suggesting something else. Read the poem and notice how ‘the
poetry of earth’ keeps on through summer and winter in a never-
ending song. Who sings the song?
The poetry of earth is never dead:
When all the birds are faint with the hot sun,
And hide in cooling trees, a voice will run
From hedge to hedge about the new-mown mead,
That is the grasshopper’s — he takes the lead
In summer luxury — he has never done
With his delights, for when tired out with fun
He rests at ease beneath some pleasant weed.
The poetry of earth is ceasing never:
On a lone winter evening when the frost
Has wrought a silence, from the stone there shrills
The cricket’s song, in warmth increasing ever,
And seems to one in drowsiness half lost;
The grasshopper’s among some grassy hills.
wrought: brought about
shrills: comes through loud and clear
1. Discuss with your partner the following definition of a poem.
A poem is made of words arranged in a beautiful order. These words,
when read aloud with feeling, have a music and meaning of their own.
2. ‘The poetry of earth’ is not made of words. What is it made of, as suggested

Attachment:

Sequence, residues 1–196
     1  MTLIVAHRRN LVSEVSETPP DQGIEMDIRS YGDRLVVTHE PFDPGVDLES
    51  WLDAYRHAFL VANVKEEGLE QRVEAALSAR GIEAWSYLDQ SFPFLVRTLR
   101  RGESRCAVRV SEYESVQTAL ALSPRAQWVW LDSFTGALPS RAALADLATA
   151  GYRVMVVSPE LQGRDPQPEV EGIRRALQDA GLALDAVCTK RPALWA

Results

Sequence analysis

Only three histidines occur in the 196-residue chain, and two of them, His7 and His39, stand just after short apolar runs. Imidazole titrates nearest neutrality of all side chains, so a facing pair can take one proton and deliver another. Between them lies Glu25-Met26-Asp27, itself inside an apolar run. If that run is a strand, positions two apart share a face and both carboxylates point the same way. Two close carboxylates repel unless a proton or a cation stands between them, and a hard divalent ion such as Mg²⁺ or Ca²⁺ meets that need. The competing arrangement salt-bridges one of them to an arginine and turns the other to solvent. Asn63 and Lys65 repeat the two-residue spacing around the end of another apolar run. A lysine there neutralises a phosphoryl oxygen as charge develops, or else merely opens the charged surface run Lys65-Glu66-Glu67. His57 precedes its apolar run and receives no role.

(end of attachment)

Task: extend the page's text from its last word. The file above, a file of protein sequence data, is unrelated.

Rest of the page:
in the poem?
3. Find in the poem lines that match the following.
(i) The grasshopper’s happiness never comes to an end.
(ii) The cricket’s song has a warmth that never decreases.
4. Which word in stanza 2 is opposite in meaning to ‘the frost’?
5. The poetry of earth continues round the year through a cycle of two seasons.
Mention each with its representative voice.
Same is different
The bandage was wound around the wound.
The dump was so full that it had to refuse more refuse.
The soldier decided to desert his dessert in the desert.
When shot at, the dove dove into the bushes.
The insurance was invalid for the invalid.
They were too close to the door to close it.
There is no time like the present to present the present.
On the Grasshopper and Cricket 119